Rose illustrations were included in some of the earliest books on plants, as ingredients for medicines as well as for food. Sixteenth-century herbals featured generic drawings that demonstrated the idea of a rose, rather than an identifiable specimen.
Rosa Canina 'inodora' (1633)RHS Lindley Library
This woodcut of the wild rose, Rosa canina, or the dog rose, appears in Gerard’s Herball, published in 1597.
The name stems from a belief that the root was a cure for rabies. Regional English names for these roses include Hedgy-pedgies, Dog-jobs and Nippernails.
Rosa centifolia Batavica. Rose versicolor (1614) by Crispijn de Passe, the YoungerRHS Lindley Library
Metal plate engraving allowed for more detailed depictions of roses than was possible with woodcuts.
Art and Science
The scientific enlightenment of the 1700s saw a need for more accurate drawings of specific plants. Artists and scientists began working together to create realistic representations that would allow botanists to understand the detailed characteristics of specific species and varieties. Although the primary purpose of this art was as an identification tool, the end results are still beautiful.
Redouté ‘The Raphael
of Flower Painting’
Perhaps the most celebrated botanical artist to paint roses was Pierre-Joseph Redouté (1759-1840). He was an official court artist of Queen Marie Antoinette, and he continued painting through the French Revolution and Reign of Terror.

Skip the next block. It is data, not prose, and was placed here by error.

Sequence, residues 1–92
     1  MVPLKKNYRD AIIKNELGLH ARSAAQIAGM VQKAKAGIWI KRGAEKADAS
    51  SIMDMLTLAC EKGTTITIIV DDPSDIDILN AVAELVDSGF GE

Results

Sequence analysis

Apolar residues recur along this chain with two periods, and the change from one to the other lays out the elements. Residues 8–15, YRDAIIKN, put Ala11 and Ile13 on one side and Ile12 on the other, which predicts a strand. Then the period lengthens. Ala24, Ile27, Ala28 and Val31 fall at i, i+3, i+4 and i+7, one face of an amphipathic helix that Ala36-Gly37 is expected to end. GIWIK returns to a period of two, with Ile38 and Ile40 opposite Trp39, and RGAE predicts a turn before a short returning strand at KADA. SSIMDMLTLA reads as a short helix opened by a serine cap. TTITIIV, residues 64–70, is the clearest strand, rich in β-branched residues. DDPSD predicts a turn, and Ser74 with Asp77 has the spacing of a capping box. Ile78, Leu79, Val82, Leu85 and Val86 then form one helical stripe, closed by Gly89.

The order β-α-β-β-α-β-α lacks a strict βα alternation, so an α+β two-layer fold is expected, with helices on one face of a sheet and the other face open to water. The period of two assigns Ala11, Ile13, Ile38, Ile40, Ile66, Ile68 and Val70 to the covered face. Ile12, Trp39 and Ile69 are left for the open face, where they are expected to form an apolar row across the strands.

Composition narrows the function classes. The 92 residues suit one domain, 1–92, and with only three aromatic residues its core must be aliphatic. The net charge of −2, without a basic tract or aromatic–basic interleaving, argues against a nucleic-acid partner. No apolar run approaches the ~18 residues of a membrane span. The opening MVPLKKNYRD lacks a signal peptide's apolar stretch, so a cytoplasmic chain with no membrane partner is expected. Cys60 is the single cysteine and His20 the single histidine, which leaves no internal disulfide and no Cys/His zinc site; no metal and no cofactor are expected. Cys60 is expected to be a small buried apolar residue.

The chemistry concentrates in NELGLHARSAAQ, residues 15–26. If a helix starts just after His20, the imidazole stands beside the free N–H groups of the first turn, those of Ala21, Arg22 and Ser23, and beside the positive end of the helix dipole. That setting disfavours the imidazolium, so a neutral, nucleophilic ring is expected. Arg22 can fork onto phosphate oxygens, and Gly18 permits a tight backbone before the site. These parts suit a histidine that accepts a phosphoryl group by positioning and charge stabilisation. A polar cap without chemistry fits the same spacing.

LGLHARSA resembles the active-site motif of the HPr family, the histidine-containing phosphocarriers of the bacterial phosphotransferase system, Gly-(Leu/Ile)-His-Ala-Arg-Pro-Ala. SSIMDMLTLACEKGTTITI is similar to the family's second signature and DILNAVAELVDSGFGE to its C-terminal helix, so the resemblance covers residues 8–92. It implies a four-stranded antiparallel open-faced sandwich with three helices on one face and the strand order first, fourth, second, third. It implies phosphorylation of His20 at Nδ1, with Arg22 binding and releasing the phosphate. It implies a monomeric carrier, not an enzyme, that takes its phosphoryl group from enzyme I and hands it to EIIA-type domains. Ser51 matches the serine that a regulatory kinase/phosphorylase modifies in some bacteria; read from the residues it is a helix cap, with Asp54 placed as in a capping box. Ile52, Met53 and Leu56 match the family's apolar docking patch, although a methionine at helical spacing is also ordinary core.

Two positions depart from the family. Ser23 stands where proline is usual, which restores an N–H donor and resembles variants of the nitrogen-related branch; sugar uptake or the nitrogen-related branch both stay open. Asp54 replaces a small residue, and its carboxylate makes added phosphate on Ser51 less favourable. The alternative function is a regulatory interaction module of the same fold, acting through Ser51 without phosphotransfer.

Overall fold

The Empress Joséphine became his patron, and he illustrated two books about the plants in her garden at Malmaison, a garden famous for its rose collection.
Rosa Gallica Pontiana | Rosier du Pont (1819/1824) by BessinRHS Lindley Library
Between 1817 and 1824 Redouté published the three-volume work Les Roses. It contained 169 plates depicting species and varieties of Rosa grown at Malmaison. Les Roses was immensely successful and was republished in a smaller format in 1828-29.
Rosa Eglanteria | Rosier Eglantier (1819/1824) by Eustache-Hyacinthe LangloisRHS Lindley Library
All 169 plates were coloured stipple engravings of roses that were originally painted by Redouté.